While the war in Iraq and the U.S. economy have thus far dominated the 2008 U.S. presidential campaign, American voters are likely to hear more from the candidates on science and technology issues when the two meet in their upcoming televised policy debates. Their perspectives are the subject of a special Election Issue of the British science journal, Nature. VOA's Rosanne Skirble reports.
Alexandra Witze, the Washington bureau chief for Nature, sums up what is at stake in the November presidential election, no matter who wins.
"Issues like: What are we going to do in terms of energy? How are we going to develop energy policies that are best for the country? How are we going to take our biomedical research enterprise so that we can start to do research that leads to cures for [diseases afflicting] the American people?" Witze asks. "How much should we be investing in science and technology in order to stimulate the economic engine of our country? These are questions that go far beyond the special interest group of scientists themselves."
Candidates Support Limits on Harmful Greenhouse Gases, Investment in Energy Technology
Witze says federal science policies will play a major role in how these questions are resolved. On climate change, for example, both candidates advocate a mandatory cap-and-trade system. That would set limits on harmful greenhouse gas emissions that have been linked to global warming. Republican Sen. John McCain proposed such a law five years ago, but it did not win much support in Congress.
"And I think that it is going to mean a big change for the country to where we have been for the past eight years, when carbon dioxide has not been regulated at the level we are going to be looking at in the next couple of years," Witze says.
Both McCain and his chief rival, Democratic Sen. Barack Obama, have also promised to make investment in energy technologies a priority, although Witze says the two men differ in their approach.
"Obama, for instance, is talking about [an investment of] $150 billion -- that is billion with a 'B' -- in energy technologies over the next 10 years," Witze says. "McCain has introduced something he calls the 'Lexington Project,' that he [has named] after the town in Massachusetts where the American Revolution got started.
"He is trying to make the point that America needs an energy revolution as well," Witze says. "It consists of a grab bag [variety] of renewable energy projects, a $2 billion investment in clean coal technologies and new nuclear plants."
McCain wants to build 45 nuclear power plants by 2030. But he does not address where the nuclear waste would go. Obama takes a more cautious approach. Before the expansion of nuclear power is even considered, Obama has said, "key issues must be addressed, including security of nuclear fuel and waste."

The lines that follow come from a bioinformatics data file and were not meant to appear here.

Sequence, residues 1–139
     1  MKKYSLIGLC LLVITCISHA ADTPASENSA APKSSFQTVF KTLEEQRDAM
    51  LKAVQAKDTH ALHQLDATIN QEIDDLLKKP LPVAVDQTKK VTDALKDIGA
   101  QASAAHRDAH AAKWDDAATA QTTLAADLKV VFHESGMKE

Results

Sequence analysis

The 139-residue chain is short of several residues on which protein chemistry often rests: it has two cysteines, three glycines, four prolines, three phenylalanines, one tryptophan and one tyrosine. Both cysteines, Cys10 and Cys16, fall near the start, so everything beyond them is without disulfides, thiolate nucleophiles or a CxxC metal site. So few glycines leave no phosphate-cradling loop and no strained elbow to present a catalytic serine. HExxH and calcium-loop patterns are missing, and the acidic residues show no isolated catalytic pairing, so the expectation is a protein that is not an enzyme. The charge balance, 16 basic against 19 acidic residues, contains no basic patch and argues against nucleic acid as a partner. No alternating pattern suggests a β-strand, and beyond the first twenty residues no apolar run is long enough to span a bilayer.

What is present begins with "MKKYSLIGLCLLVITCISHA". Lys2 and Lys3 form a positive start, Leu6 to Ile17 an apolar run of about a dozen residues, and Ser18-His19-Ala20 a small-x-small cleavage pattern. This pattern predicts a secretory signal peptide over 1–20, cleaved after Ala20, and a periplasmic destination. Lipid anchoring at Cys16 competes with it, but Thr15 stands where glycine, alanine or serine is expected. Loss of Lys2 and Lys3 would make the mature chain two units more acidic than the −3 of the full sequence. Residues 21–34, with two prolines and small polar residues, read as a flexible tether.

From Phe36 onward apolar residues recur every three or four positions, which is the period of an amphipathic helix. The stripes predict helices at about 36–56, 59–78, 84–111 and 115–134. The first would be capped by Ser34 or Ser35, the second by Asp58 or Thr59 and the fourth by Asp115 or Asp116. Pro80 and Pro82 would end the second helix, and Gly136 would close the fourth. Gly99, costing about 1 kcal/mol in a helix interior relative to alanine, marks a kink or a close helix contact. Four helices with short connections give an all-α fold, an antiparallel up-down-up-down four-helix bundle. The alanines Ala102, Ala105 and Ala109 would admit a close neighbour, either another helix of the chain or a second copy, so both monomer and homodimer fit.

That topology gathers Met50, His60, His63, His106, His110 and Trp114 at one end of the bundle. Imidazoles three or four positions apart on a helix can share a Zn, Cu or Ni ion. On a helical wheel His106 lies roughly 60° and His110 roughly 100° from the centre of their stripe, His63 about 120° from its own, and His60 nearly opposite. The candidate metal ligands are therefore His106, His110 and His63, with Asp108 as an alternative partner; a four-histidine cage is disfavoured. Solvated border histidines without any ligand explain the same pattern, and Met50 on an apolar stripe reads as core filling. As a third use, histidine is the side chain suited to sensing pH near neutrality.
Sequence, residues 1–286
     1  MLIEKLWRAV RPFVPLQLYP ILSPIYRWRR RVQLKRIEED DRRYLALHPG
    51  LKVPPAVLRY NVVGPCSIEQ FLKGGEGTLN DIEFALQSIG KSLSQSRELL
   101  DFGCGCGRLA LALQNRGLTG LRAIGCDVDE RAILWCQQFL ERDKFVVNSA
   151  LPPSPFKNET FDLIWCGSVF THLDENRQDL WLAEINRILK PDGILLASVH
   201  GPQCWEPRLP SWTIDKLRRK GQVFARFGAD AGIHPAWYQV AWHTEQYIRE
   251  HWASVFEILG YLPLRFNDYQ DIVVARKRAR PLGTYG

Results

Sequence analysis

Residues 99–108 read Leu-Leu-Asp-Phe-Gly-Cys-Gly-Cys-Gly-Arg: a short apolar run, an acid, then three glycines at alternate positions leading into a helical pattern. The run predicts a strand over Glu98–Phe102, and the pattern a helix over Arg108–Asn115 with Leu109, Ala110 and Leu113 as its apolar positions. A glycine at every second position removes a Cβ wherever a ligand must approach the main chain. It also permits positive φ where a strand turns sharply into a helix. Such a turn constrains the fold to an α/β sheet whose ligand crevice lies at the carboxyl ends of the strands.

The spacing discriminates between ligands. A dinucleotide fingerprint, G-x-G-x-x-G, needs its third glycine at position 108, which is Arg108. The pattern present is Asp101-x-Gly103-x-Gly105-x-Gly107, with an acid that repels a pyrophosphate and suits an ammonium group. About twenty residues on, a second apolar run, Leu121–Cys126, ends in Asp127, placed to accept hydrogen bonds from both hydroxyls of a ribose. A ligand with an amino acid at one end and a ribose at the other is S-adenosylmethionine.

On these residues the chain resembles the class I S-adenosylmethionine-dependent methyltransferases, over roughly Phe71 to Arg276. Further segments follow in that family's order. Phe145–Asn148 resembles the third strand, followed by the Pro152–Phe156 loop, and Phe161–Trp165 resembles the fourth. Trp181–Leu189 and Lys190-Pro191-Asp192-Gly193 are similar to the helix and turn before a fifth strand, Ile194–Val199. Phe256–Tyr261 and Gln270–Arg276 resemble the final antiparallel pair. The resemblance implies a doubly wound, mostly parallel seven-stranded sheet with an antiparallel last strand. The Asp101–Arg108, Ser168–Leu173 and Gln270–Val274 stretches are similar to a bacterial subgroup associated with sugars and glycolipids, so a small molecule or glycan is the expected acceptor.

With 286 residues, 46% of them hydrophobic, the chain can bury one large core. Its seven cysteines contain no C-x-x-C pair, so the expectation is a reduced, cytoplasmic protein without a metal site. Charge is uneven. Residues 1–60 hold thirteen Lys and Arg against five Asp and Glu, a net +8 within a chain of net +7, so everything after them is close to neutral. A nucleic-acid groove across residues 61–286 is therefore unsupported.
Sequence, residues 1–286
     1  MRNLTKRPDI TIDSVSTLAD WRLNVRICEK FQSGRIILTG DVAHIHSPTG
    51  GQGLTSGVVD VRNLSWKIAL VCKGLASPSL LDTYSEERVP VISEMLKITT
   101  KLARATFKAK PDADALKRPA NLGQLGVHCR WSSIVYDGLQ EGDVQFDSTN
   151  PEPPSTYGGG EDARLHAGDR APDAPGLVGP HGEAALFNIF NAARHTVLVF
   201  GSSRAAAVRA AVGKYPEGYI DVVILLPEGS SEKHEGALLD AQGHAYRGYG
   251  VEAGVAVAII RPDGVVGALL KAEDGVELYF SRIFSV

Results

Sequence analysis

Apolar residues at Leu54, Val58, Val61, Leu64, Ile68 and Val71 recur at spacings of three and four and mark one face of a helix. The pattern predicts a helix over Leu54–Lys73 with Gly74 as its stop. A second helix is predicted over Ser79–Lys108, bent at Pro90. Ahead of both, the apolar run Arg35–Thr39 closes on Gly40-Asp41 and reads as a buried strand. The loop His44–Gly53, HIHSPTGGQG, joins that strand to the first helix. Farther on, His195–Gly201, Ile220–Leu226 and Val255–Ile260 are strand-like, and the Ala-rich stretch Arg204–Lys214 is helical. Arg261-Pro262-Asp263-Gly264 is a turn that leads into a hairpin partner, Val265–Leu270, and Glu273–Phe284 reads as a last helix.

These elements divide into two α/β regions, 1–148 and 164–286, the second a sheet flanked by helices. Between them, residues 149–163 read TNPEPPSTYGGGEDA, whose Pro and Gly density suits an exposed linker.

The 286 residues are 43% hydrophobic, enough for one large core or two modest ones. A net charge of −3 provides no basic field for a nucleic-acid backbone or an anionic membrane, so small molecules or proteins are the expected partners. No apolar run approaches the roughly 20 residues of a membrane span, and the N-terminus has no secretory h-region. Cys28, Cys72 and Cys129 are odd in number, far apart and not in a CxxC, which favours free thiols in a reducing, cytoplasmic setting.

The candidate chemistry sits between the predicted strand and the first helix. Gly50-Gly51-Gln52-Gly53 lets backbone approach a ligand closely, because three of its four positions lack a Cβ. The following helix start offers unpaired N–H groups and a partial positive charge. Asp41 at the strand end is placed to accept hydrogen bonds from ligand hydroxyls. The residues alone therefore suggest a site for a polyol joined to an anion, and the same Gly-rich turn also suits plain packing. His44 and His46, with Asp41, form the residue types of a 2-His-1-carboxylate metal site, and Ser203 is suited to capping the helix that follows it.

Obama Supports Stem Cell Research, McCain Takes More Complex Stance
Another hot-button issue in the campaign is research on human embryonic stem cells - a potentially valuable source for new medical therapies. But because embryonic cells are extracted from human fetal tissue, many religious groups have raised strong moral objections. As a result, the Bush White House has sharply restricted federal research funds in this area.
"You can use federal money to do research on human embryonic stem cell lines, but only on lines that had been created on the day he gave that announcement, which was August 2001," Witze says. "So basically, you are talking about cell lines that are seven years old."
Obama told the journal Nature that he "strongly supports expanding research on stem cells" and would lift the federal funding ban. Witze says McCain's position is more complex. As a senator, he voted twice to lift the ban, but on the campaign trail he speaks more about alternative approaches to stem cell lines.
"He is walking that political line with trying to maintain votes with perhaps his core base who are not supportive of this kind of reproductive medicine," Witze says.
McCain's vice presidential pick, Alaska Gov. Sarah Palin - who is closely aligned with religious evangelicals and other social conservatives - doesn't support embryonic stem cell research.
Candidates' Advisers May Provide Clues to Policy Agendas
Witze says voters can get a glimpse of the next president's policy agenda through his closest advisors. A former head of the National Institutes of Health leads Obama's science team, largely made up of renowned academics including Nobel laureates who have turned to social activism. McCain has tapped corporation leaders and former Senate staffers.
"He also has a really experienced staff from the time when he ran the Senate Committee on Commerce, Science and Transportation," Witze says. "So he has a number of staffers there who worked with him, for instance, on helping respond to the Columbia Space Shuttle disaster in 2003, folks who have helped him put together platforms in how we should be investing in science and technology, whether or not we should be loosening immigration requirements so that trained scientists and engineers who come to America for graduate school can then stay in the country and contribute."
How McCain and Obama respond to these and other issues could help determine which candidate wins the presidential election on Nov. 4. The new president's success after that may rest in how he gets along with the new Congress. All 435 lawmakers in the House of Representatives are up for re-election, as are one-third of those in the Senate.